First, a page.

Monday, July 30, 2018

Sons of Blackbird Mountain by Joanne Bischof



After finding Joanne’s The Lady and the Lionheart novel interesting, I was curious to read her latest book. 

Let’s begin with the summary:

A Tale of Family, Brotherhood, and the Healing Power of Love

After the tragic death of her husband, Aven Norgaard is beckoned to give up her life in Norway to become a housekeeper in the rugged hills of nineteenth-century Appalachia. Upon arrival, she finds herself in the home of her late husband’s cousins—three brothers who make a living by brewing hard cider on their three-hundred-acre farm. Yet even as a stranger in a foreign land, Aven has hope to build a new life in this tight-knit family.

But her unassuming beauty disrupts the bond between the brothers. The youngest two both desire her hand, and Aven is caught in the middle, unsure where—and whether—to offer her affection. While Haakon is bold and passionate, it is Thor who casts the greatest spell upon her. Though Deaf, mute, and dependent on hard drink to cope with his silent pain, Thor possesses a sobering strength.

As autumn ushers in the apple harvest, the rift between Thor and Haakon deepens and Aven faces a choice that risks hearts. Will two brothers’ longing for her quiet spirit tear apart a family? Can she find a tender belonging in this remote, rugged, and unfamiliar world?

A haunting tale of struggle and redemption, Sons of Blackbird Mountain is a portrait of grace in a world where the broken may find new life through the healing mercy of love.

And now, my review:

We get a taste of Norwegian culture in this novel, which is a nice spin on a novel set in nineteenth-century America. I love the element of Thor being a deaf mute, especially when he tries to overcome for Aven. He has to watch her mouth when she speaks in order to communicate with her, which is a wonderful element in this romance. The symbolism of Aven focusing on really “hearing” and truly seeing him was beautiful.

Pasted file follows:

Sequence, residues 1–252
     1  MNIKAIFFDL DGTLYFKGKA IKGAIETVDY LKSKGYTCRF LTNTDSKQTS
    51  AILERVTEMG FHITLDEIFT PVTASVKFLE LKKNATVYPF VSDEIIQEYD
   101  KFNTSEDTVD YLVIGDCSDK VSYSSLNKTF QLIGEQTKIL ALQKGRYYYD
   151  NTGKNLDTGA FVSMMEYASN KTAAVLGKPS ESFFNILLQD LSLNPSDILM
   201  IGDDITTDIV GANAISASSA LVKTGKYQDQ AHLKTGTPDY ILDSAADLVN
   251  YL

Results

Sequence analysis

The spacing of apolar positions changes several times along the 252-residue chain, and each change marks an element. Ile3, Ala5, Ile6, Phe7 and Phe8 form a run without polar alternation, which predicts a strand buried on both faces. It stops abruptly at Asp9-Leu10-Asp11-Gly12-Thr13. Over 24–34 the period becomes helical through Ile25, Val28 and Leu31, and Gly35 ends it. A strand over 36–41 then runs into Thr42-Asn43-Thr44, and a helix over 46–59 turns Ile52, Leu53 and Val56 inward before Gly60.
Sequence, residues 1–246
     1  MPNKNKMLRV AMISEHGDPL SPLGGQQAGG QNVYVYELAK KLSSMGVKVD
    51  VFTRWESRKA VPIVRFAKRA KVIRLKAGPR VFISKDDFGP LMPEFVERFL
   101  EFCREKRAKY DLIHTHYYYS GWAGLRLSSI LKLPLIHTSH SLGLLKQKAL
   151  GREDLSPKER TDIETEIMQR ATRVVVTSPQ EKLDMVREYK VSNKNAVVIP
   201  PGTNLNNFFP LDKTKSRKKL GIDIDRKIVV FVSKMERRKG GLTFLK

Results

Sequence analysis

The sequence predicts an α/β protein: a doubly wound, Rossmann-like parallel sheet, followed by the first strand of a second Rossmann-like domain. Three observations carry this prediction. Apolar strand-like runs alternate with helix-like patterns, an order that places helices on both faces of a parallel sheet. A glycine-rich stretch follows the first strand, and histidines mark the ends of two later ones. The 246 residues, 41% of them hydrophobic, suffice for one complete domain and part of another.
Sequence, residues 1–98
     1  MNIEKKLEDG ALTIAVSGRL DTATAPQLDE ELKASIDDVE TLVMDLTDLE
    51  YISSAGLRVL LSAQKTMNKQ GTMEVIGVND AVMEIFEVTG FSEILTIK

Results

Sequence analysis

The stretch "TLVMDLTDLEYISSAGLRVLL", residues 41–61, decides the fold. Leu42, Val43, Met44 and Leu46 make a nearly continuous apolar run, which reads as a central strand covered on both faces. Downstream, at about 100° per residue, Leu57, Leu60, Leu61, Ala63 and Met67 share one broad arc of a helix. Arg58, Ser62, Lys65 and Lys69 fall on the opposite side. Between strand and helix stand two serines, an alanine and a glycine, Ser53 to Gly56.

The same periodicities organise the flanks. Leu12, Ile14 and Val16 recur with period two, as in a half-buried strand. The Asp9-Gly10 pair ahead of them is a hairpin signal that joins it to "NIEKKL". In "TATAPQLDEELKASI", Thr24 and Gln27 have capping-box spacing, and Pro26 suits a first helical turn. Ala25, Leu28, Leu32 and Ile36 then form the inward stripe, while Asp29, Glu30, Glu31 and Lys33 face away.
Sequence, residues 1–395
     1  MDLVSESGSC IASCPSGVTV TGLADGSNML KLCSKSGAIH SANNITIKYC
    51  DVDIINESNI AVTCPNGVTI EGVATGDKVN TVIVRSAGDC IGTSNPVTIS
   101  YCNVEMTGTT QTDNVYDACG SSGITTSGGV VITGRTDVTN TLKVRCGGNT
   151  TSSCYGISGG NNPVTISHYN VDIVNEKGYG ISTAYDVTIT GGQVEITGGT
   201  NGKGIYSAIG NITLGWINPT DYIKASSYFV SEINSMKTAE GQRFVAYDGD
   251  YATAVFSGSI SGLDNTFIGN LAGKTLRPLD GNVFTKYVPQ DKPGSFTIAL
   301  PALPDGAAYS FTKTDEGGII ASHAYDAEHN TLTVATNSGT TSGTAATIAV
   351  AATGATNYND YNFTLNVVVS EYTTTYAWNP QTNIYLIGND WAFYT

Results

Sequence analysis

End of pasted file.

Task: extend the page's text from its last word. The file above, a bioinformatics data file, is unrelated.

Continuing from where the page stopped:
As with Joanne’s previous novel, her prose is a highlight of her writing. I loved Thor’s heart and his relationship with his brothers. They looked out for him, even though their relationships were complicated. Joanne offers us layered characters and a layered story world. 

Their lives are complicated by alcoholism and the violence of racism. The author doesn’t pull back on these tough topics, and we respect her for it. 

The story sweeps you up, and you care for these characters. Joanne’s attention to the detail of this deaf character was well done. She offers concepts for us to consider: like Thor being unaware of how loud his movements are. And she shows his other heightened senses in perfect ways.

A great book! I hope there are more novels to come in this series.

Highly recommended!

Tuesday, June 12, 2018

The Love Letter by Rachel Hauck


The Love Letter by Rachel Hauck


Rachel is one of my favorite authors. I enjoy reading her work and following her writing career.

Let’s begin with the summary: